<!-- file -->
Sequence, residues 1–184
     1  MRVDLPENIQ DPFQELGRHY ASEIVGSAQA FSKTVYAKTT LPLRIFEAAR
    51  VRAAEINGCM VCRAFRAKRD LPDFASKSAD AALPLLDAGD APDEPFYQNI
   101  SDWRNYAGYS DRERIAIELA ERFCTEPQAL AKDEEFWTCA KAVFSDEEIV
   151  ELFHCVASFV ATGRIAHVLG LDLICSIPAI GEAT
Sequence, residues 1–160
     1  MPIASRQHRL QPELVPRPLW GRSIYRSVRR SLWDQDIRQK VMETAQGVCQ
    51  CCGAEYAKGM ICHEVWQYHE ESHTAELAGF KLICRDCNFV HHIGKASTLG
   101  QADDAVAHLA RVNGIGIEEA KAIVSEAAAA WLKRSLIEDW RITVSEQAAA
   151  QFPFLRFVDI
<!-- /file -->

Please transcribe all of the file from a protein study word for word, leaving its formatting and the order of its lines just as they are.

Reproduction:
Sequence, residues 1–184
     1  MRVDLPENIQ DPFQELGRHY ASEIVGSAQA FSKTVYAKTT LPLRIFEAAR
    51  VRAAEINGCM VCRAFRAKRD LPDFASKSAD AALPLLDAGD APDEPFYQNI
   101  SDWRNYAGYS DRERIAIELA ERFCTEPQAL AKDEEFWTCA KAVFSDEEIV
   151  ELFHCVASFV ATGRIAHVLG LDLICSIPAI GEAT
Sequence, residues 1–160
     1  MPIASRQHRL QPELVPRPLW GRSIYRSVRR SLWDQDIRQK VMETAQGVCQ
    51  CCGAEYAKGM ICHEVWQYHE ESHTAELAGF KLICRDCNFV HHIGKASTLG
   101  QADDAVAHLA RVNGIGIEEA KAIVSEAAAA WLKRSLIEDW RITVSEQAAA
   151  QFPFLRFVDI